So, what if you’re someone who doesn’t have a lot of money, and wants to break into a new trade or profession? You want to move from hobbiest to professional, but you don’t have the money to take the plunge. Well, that’s what this post is about.
Last Friday I was able to finally upgrade my DSLR from a Canon T3i, to a full frame Canon 6D, and the upgrade has been stunning thus far. While I was in Whistler over the weekend, I was stunned at how much of an improvement this camera was with low light shooting and sharpness, in comparison to my old one.
Investing In The Future
Sure, not everyone needs a full frame prosumer camera, but I figured it’d be wise to equip and orient myself with more professional gear. Especially, before this summer’s wedding season starts. Like I said in my previous post…
After paying it off within the month, I’ll have a higher quality portfolio filled with content my old gear couldn’t achieve, along with a nice arsenal of professional equipment. – Saving For The Future vs. Investing In The Future
The Rule Of Deposits
So, how was I able to make all of this happen? I did it through using the rule of deposits. Whether you’re signing on for a programming contract, recording an album for a client, or booking dates to film someone’s wedding, the rule of the thumb is 50% up front. Remember that. The rule of thumb is 50% up front.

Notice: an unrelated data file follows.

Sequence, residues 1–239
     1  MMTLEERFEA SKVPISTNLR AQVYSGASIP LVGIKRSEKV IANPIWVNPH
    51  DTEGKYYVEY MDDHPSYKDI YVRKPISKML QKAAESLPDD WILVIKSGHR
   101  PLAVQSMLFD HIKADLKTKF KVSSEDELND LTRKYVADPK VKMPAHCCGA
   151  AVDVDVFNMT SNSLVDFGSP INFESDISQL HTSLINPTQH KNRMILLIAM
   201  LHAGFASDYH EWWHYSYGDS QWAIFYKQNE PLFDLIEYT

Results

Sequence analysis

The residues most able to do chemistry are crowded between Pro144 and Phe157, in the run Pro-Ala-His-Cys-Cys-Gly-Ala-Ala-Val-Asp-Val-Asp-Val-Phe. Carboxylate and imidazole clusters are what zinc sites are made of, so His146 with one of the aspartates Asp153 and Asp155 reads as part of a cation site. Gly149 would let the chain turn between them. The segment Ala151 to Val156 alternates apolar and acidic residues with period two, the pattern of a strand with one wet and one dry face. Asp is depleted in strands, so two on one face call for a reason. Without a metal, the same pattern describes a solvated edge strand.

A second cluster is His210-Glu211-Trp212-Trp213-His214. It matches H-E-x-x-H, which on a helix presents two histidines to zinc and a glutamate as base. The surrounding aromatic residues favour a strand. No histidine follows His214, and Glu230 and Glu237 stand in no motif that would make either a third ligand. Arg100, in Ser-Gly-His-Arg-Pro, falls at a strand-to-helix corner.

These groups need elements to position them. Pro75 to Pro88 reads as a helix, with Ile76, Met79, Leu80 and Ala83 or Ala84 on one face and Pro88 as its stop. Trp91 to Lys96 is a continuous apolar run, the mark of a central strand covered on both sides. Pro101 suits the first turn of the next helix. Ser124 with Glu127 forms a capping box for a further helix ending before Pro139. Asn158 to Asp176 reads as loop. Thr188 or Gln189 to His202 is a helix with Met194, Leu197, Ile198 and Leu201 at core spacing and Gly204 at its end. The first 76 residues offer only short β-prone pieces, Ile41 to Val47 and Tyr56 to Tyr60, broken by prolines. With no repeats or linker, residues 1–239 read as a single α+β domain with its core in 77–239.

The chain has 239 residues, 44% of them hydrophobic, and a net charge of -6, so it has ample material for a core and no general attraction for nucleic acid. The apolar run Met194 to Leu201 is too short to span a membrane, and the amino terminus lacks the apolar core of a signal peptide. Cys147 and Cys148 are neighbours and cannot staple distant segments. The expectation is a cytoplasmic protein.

- This helps decipher whether or not your client is truly serious about working with you.
- It lets you have some cash up front to put towards things like new equipment, rentals, and/or hiring out extra workers before the gig actually happens.
But Sean, how do I get these gigs without already having pro-gear? Good question, but it’s as simple as finding someone who has pro-gear, working along side them, and creating a small demo reel to showcase your ability, not your gear.
Sell Yourself Not Your Gear
This is where I see most people fail, and it’s because every magazine, television ad, and website, has sold us the message that it’s the gear that makes us great, and not our own ability. Sure, the gear is a huge tool in creating great work, but it’s just a tool. New gear comes and goes. Things go from standard definition, to high definition, to 4k, but what stays consistent is You! If you can make a demo reel with someone else’s gear, that’s just as good as making it with your own, or with some gear that you rented.
In all honesty, people just don’t care about how you did it. In wedding videography, this couldn’t be overstated enough. People aren’t looking at your gear, they’re looking at you as a person, and what you can accomplish. For instance, most music producers don’t even have their own home studio setup (I’m the odd one out). So, they literally have to sell themselves to the client, hoping they’ll believe that if they walked into a fully equipped studio they’ll know how to use it, just by saying “Here. Look. Check out my portfolio. Trust me. I know what I’m doing.” That’s some serious pressure!
If you’re someone who can make great content, and is able to build trust with your potential clients, then you’re in the same position as me. Go out there and find someone with pro-gear; make a demo reel, book some gigs, and get some deposits. Now you’re on a roll.